In the words of Marcus Gravey, “a people without the knowledge of their past history, origin and culture is like a tree without roots.”  The Bariba people holds an important place in the history of Benin Republic. They are the principal inhabitants of Borgou and Alibori Departments of Benin Republic.

The Bariba are also co-founders of the Borgu kingdom, which is now northeast Benin and west-central Nigeria. In Nigeria, they are found spread between western Kwara State and the Borgu section of Niger State. There are perhaps a million Bariba, 70% of them in Benin, where they are the fourth largest ethnic group and comprise approximately 1/11 of the population (9.2%).

The Bariba are concentrated primarily in the north-east of Benin Republic, especially around the city of Nikki, which is considered the traditional capital of the Bariba people. At the end of the 18th century they became independent from the Yoruba of Oyo and formed several kingdoms in the Borgou region.

The colonization of Benin (then Dahomey) by the French at the end of the 19th century, and the imposition of an Anglo-French artificial border, ended Bariba trade in the region. During the late 19th century, Bariba was known to constitute independent states and kingdoms in cities like Nikki and Kandi in the northeast of the country. In the town of Pehunko there are approximately 200,000 Bariba people out of 365,000 inhabitants.

Agriculture is the dominant occupation for the Bariba. They grow corn, sorghum, rice, cotton, cassava (tapioca), yams, beans, palm oil, peanuts with some poultry and livestock. One of their noted festivals is the annual Gani festival of which horse riding is a prominent element.

The Bariba society consists of a higher-ranking official as chief of the town and their subordinate chiefs. Social status and titles are inherited in families, but the status of a person may be given by the families’ nature of work. Notable subdivisions of the Bariba include the ruling Wasangari nobles, Baatombu commoners, slaves of varying origin, Dendi merchants, Fulbe herders, and other divisional ethnic groups.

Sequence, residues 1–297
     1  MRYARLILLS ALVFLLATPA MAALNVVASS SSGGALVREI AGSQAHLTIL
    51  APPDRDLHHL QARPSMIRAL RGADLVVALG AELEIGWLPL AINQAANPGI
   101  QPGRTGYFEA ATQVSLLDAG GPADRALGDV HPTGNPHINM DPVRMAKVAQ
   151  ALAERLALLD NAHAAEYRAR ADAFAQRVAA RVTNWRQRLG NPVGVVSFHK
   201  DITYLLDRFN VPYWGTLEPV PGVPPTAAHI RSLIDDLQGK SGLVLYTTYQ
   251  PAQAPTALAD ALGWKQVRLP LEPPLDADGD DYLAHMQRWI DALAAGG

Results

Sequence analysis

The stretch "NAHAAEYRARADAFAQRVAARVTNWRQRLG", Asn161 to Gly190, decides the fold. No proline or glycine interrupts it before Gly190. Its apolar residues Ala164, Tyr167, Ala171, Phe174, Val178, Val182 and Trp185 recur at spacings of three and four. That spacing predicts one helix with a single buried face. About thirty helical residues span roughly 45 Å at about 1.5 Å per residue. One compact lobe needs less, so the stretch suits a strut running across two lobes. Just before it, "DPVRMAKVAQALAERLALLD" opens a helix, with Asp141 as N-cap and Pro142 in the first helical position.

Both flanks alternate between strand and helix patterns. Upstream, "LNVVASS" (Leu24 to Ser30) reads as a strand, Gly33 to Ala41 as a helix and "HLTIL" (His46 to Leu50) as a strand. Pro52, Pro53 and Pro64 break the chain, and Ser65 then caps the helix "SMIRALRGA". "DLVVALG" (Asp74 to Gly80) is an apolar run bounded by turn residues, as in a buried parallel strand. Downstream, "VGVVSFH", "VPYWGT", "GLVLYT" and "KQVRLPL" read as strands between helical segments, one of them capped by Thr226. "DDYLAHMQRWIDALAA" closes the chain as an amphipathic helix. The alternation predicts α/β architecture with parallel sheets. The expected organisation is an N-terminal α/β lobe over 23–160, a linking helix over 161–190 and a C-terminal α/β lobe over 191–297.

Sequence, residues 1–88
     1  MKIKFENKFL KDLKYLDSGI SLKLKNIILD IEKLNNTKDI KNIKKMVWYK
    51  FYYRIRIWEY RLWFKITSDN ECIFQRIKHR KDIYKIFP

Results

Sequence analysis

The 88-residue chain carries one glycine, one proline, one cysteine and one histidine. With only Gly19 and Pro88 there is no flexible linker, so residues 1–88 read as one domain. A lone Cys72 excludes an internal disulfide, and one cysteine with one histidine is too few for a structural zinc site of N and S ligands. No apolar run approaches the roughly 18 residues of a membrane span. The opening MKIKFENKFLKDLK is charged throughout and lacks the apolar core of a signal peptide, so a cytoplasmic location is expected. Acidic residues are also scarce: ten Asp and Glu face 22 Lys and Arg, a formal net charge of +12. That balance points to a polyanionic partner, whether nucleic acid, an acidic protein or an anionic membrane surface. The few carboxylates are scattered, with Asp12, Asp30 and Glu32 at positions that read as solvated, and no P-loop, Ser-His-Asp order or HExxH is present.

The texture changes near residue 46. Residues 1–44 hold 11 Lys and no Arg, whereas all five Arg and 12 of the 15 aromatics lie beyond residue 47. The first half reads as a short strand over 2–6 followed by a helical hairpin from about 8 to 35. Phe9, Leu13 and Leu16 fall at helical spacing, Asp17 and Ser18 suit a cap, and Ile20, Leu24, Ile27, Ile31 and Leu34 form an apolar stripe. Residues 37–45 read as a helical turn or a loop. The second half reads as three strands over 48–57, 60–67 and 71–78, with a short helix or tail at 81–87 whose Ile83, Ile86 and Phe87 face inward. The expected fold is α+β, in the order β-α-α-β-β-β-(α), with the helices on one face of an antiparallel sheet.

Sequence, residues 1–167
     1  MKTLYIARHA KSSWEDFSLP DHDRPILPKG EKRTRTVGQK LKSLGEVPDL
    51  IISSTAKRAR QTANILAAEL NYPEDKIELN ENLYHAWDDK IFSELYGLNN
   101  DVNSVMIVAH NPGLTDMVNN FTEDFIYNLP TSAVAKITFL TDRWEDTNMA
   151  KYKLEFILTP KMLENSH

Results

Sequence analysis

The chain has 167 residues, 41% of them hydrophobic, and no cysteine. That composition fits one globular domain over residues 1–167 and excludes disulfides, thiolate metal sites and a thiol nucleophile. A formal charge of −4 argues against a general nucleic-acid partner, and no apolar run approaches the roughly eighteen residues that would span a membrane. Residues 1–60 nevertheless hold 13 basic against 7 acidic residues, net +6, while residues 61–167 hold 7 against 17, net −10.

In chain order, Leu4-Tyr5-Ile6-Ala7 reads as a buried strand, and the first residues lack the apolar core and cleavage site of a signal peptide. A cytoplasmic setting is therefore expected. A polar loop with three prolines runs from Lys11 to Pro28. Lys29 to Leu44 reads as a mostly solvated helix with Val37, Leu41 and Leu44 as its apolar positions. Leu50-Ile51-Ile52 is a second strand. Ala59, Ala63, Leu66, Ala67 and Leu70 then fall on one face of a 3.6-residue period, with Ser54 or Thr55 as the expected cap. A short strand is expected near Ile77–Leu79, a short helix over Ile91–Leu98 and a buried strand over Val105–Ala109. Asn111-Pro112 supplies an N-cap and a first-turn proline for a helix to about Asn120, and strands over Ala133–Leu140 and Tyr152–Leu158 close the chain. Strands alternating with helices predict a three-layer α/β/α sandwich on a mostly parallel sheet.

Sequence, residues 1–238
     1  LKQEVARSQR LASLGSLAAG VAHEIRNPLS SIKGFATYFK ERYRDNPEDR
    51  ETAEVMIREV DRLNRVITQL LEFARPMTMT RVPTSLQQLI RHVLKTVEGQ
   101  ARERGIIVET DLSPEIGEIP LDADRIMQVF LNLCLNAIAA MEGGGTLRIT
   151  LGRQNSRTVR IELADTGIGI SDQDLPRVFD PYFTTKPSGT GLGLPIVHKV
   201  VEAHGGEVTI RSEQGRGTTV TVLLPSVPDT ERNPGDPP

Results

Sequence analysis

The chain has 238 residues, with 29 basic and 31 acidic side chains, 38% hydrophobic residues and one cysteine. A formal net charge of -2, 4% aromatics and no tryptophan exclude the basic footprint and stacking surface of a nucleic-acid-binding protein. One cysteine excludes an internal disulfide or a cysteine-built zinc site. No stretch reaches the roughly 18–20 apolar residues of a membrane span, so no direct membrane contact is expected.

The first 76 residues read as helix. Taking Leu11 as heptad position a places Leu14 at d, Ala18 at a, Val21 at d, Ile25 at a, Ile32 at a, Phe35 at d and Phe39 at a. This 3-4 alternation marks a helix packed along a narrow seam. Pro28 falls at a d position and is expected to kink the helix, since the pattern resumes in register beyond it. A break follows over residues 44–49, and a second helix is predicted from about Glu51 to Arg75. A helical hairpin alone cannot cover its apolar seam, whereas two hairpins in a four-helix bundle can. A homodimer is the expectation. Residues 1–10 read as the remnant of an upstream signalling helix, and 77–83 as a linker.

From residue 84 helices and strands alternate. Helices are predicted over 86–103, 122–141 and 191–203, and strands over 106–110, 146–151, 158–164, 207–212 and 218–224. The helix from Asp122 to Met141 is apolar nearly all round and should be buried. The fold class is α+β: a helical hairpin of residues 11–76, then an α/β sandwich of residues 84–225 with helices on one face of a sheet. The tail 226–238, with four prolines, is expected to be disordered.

As Rita Mare Brown rightly noted “language is the roadmap of culture, It tells you where its people come from and where they are going” The Bariba language is spoken mostly in Borgou, Alibori and part of Atacora in northern Benin. The Bariba language was once classified as an outlier of the Gur family, but is now agnostically placed as an isolate within the Savanna languages. It is a tone language with noun classes. It has been written since about 1970.

Religion plays an important role in Bariba tribes and they are primarily Islamic. However, a number of Bariba communities have their own indigenous beliefs. In the words of Robert Alan “cultural differences should not separate us from each other but rather, cultural diversity brings a collective strength that can benefit all of humanity.” The Bariba culture is such a unique one that has in recent years found expression in both Benin Republic and parts of Nigeria.

Compiled by OLA OGUN


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